Philosopher Dennis Bonnay on logical pluralism, the liar’s paradox, and reflective equilibrium
What are the two main understandings of the philosophy of logic? How to justify logical rules? What puts a lot of pressure on logical concepts? These and other questions are answered by Assistant Professor in the Department of Philosophy, Paris Ouest University, Dennis Bonnay.
Logic is a theory that studies inferences and reasoning, that is, how we make conclusions from premises. But is it not a theory about how we do it in practice, which would be psychology, but it is a normative theory which aims at explaining how we should make inferences. And so the main and the basic aim of logicians is to tell the difference between what the correct and an incorrect reasoning is.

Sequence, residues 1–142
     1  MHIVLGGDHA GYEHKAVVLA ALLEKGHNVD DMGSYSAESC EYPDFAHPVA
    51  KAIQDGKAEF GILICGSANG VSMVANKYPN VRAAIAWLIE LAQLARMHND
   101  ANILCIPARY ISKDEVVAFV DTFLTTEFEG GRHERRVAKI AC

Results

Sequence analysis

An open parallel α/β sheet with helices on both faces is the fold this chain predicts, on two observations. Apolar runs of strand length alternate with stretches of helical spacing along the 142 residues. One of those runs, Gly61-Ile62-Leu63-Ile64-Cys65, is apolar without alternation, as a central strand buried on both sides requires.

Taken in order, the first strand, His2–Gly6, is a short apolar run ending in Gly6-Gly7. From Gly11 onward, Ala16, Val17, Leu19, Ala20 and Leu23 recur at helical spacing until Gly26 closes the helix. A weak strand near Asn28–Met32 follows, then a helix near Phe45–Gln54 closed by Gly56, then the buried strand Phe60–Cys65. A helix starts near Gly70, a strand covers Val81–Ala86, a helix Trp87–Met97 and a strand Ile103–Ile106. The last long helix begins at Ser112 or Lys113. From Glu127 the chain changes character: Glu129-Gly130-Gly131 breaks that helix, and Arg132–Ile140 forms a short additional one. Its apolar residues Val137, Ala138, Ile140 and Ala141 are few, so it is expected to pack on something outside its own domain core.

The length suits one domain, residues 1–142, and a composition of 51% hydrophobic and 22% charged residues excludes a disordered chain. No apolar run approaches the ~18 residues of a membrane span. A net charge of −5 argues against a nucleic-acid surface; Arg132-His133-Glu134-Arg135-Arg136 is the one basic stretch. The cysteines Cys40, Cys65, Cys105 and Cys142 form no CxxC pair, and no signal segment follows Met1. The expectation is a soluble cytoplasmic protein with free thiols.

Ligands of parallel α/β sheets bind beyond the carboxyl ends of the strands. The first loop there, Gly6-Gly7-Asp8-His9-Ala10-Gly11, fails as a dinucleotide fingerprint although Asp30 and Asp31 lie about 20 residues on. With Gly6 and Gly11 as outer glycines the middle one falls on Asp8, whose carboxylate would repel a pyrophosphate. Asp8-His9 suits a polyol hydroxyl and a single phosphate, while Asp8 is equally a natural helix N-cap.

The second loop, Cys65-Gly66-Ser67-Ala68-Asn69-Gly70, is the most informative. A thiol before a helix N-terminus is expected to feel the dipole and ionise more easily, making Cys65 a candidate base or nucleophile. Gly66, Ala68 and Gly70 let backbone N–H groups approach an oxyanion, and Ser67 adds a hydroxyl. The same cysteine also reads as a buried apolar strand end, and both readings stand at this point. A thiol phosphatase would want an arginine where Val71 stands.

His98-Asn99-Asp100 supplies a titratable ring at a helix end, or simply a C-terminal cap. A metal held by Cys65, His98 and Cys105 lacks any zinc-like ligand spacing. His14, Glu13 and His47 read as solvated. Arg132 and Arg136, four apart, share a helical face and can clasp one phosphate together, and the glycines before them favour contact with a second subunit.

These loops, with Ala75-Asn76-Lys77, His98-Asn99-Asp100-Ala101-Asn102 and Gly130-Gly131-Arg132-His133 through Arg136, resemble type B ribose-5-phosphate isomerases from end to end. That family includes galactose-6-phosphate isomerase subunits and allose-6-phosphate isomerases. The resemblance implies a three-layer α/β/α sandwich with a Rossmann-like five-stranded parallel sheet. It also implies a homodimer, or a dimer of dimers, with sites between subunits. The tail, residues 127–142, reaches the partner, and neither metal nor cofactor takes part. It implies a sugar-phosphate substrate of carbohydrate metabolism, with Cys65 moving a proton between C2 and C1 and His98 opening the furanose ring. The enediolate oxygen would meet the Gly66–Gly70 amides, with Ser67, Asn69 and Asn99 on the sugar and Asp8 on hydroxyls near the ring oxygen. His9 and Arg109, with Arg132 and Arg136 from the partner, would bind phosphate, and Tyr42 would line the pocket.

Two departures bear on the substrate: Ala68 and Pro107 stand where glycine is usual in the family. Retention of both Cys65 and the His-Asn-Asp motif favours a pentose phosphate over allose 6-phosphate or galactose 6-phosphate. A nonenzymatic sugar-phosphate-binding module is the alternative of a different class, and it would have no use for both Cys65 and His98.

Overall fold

If A and B are true, then it would mean by definition of conjunction that A is true on the one hand, and B is true on the other hand, so that I can infer that A is true. And that would be a justification of that inference. But the problem is that when I gave you this justification I just used this very rule. Why? Because when I say that A is true and B is true then, in particular, A is true. But this is the exact form of reasoning that we are interested in justifying.
You cannot give an absolute justification, you are going to take practice as given and you are going to try to account for that practice, for the way that we use reasoning. But you will also have people who are more stubborn and do aim at providing an absolute justification which would be not secular. We do this by saying that somehow the rules of logic do not have to be justified by what the logical concept means, so we should take for granted the example I just gave of that from A and B you can infer A it’s constitutive of what conjuction means, so you do not have to justify it independently, it is justified because it’s constitutes what the meaning of N is.